Sunday, August 29, 2010

PAC Reminder

Our annual PAC drive will once again take place during the social time of our "welcome back" morning, Wednesday, August 31. As you are all aware, this year is as important a year as education has faced in many peoples' lifetimes, perhaps ever. The issues are numerous and have the potential to change education for many, many years to come. We need people in government to hear the concerns of the professionals (us!). Perhaps the BEST way to have a voice is through our PAC. Please consider a contribution. It is for the future of education; our professional future.

To make a donation please come August 31 prepared to:
1) Make a cash/check contribution.
2) Make a credit card contribution.
3) Have monthly contributions electronically transferred from your bank account (you will need your account number/info).

Thank you in advance for your contribution. It is important to education!!

Tuesday, August 24, 2010

Edujobs Money

‘Edujobs’ money will save Michigan school jobs (from MEA Voice Online)

The jobs of an estimated 4,700 Michigan public school employees will be saved this school year, thanks to a $10 billion federal program aimed at stemming unemployment in the states. Nationwide, the jobs of about 161,000 educators will be preserved.

States are busily applying for so-called “edujobs” funds and school employees may have questions about how the money will be spent.

Here’s what we know so far:

How much money will Michigan schools receive from the “edujobs” program?
More than $300 million total.

When will schools receive the funds?
State applications are due Sept. 9. The federal government intends to act on each state’s application within about two weeks after it is received. Governors must make awards to districts on a timely basis after receipt of the funds; Michigan districts will probably receive at least part of the money in their October state aid payment.

When can states apply for the funds?
Applications from states are due by Sept. 9.

How can schools spend the money?
The money can be used for “compensation and benefits and other expenses, such as support services, necessary to retain existing employees, to recall or rehire former employees, and to hire new employees, in order to provide early childhood, elementary, or secondary, educational and related services.”

Up to 2 percent of the funds can be used by the state for administrative costs.

Can the money pay the salaries of non-teaching staff?

Yes. It can pay salaries of many other school employees, including counselors, librarians, secretaries, social workers, interpreters, physical therapists, speech therapists, occupational workers, in-service teacher trainers, nurses, athletic coaches, security officers, custodians, maintenance workers, bus drivers, and cafeteria workers, and more.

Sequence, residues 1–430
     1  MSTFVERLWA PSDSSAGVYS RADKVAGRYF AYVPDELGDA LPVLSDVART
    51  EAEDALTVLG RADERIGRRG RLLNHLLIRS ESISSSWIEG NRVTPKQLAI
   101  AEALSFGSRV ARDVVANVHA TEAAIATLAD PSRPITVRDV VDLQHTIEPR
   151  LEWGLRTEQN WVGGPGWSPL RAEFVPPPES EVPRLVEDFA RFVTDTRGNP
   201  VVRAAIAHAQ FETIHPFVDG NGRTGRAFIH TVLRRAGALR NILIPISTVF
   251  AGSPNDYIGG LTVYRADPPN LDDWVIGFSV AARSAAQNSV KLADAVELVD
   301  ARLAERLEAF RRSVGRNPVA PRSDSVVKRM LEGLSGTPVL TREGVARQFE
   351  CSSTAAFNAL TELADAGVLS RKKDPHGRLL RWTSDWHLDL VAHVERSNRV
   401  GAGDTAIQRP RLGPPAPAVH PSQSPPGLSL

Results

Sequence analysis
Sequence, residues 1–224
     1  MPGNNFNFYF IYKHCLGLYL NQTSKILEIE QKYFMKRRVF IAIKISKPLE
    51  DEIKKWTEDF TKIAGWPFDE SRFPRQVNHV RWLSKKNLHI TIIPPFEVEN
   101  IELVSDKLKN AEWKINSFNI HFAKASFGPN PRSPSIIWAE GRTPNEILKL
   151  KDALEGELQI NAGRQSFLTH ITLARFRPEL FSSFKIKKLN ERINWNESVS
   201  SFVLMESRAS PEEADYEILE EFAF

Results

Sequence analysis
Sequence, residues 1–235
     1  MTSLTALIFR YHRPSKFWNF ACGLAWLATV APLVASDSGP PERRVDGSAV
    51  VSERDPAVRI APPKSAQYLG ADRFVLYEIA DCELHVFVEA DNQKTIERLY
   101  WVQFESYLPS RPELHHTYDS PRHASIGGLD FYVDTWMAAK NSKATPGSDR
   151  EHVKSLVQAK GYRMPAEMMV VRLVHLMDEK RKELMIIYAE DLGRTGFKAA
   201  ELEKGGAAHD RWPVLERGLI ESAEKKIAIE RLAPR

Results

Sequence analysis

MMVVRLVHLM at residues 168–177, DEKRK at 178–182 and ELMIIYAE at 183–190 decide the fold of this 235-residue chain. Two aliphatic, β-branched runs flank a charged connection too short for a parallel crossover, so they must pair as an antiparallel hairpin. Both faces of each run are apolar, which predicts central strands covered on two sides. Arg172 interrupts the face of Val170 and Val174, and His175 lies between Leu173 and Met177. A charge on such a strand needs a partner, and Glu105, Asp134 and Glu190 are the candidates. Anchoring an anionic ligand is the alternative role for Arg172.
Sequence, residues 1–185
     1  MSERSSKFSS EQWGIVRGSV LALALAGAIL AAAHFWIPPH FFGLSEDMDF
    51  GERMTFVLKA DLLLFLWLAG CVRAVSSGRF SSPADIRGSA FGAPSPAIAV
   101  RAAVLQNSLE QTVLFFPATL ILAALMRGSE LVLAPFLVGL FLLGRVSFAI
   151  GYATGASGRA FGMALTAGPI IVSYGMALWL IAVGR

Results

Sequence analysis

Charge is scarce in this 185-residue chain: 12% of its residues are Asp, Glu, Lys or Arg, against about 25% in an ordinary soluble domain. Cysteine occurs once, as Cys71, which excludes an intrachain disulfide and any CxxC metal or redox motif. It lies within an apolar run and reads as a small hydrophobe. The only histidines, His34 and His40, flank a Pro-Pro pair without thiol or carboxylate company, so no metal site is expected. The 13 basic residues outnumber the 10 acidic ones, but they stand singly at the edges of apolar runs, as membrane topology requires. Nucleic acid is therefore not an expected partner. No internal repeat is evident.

Can it be used to pay the superintendent?
No. Expenses related to the operation of the superintendent’s office or the board of education is prohibited, including the salaries and benefits of administrative employees.

How will the money be distributed to schools?
States will decide whether to distribute the money through Title 1 or their state aid formulas.

Can the money be used for purposes such as equipment, utilities, renovation or buses?

Can the state tell local districts how to use the money?
No. States and local school districts will be required to report how they use the money and how it supported personnel.

Can the money be used to pay for outside contractors?

No. The money can, however, be used to pay for services provided by another public school district.

Will colleges or universities receive any funds?

Can the money be deposited into a state’s “rainy day fund?”
No. States cannot “directly or indirectly” establish, restore, or supplement a “rainy day fund.”

What does MEA recommend that districts do with the money?
The money is intended to keep teachers and other school employees on the job this school year. It would be irresponsible and against the spirit of the law for districts to put these new federal dollars into their fund balances when employees have taken pay and benefit concessions and class sizes have increased due to layoffs.